Pro-Poli

Can Art Amend How We View History?

Artist Titus Kaphar
Written by JoAnn Chateau

Princeton University presents Making History Visible: Of American Myths And National Heroes until January 14, 2018. The exhibit features the work of Titus Kaphar and other contempoary artists. Art writer Jacoba Urist explains that the exhibit spurs viewers to both see and feel the contradiction between freedom fighting and slavery. The exhibit accompanies the Princeton & Slavery Project, which is exploring the University’s “historical ties to the institution of slavery.”


“These days, public sculptures often seem intertwined with historical regret. There’s the bronze Robert E. Lee statue in Charlottesville, Virginia; the Roger Taney effigy outside the Maryland State House; the Confederate soldier in front of North Carolina’s Durham County Courthouse. This historical regret has inspired a rush to topple sculptures. But the feelings of remorse and shame have also stirred impassioned debate about the ways in which art ought to reflect America’s complex legacy: Who should embody the values of today? What distinguishes art from political propaganda? And which artists will fill the empty plinths?

Princeton University has one answer to these questions with a new public-art project that confronts the school’s participation in the nation’s early sins. On Monday, the university unveiled Impressions of Liberty, by the African American artist Titus Kaphar. The sculpture is the conceptual core of a campus-wide initiative that begins this fall and aims to reconcile the university’s ties to slavery…”

Jacoba Urist

READ MORE: A Contemporary Artist Is Helping Princeton Confront Its Ugly Past | The Atlantic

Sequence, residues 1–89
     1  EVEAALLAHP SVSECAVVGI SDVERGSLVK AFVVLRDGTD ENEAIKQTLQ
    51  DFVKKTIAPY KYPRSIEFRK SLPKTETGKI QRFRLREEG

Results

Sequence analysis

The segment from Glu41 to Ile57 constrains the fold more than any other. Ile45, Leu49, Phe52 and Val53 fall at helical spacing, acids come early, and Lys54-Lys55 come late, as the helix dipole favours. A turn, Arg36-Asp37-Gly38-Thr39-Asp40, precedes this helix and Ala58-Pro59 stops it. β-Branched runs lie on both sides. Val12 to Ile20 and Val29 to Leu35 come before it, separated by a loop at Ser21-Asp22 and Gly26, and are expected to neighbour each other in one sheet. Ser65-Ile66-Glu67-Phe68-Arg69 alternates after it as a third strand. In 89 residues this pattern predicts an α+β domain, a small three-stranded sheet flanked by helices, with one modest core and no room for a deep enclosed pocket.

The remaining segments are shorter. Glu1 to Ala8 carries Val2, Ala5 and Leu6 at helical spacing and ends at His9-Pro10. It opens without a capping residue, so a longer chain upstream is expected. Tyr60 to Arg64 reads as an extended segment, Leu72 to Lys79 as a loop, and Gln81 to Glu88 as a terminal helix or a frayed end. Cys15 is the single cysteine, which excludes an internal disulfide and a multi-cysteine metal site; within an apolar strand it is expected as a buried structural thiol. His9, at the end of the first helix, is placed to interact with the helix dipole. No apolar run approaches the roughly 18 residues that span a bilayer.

The question is…

Can Art Amend History? | Titus Kaphar

“Artist Titus Kaphar makes paintings and sculptures that wrestle with the struggles of the past while speaking to the diversity and advances of the present. In an unforgettable live workshop, Kaphar takes a brush full of white paint to a replica of a 17th-century Frans Hals painting, obscuring parts of the composition and bringing its hidden story into view. There’s a narrative coded in art like this, Kaphar says. What happens when we shift our focus and confront unspoken truths?” ~ TED


Art Changes the View

 

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About the author

JoAnn Chateau

JoAnn Chateau likes progressive politics and loves the canines. She sometimes writes fiction about Chester (the Alpha Bichon) and his friends -- with a dash of humor and dab of Poli-Sci. JoAnn's views and insights are tinted by her past profession in Counseling, Christian theological studies, and Library and Information Science training. Retired now, JoAnn enjoys the creative life.

6 Comments

  • It’s very effective. Art is sensuous, intuitive, and emotionally connective. It cannot replace the complexity of words and speech, but enables communication in the most visceral of ways.

  • Thanks for sharing Artist Kaphar’s TED talk and his vision for America.

    “We cannot erase this history [of slavery],” he says, “we have to know it.” What we need, he later says, is “an amendment.” Like the amendments to our constitution, an amendment to our historical past in our art and monuments says: “This is where we were. This is where we are right now.”

    Are we ready for such an open and honest look at where we are today?

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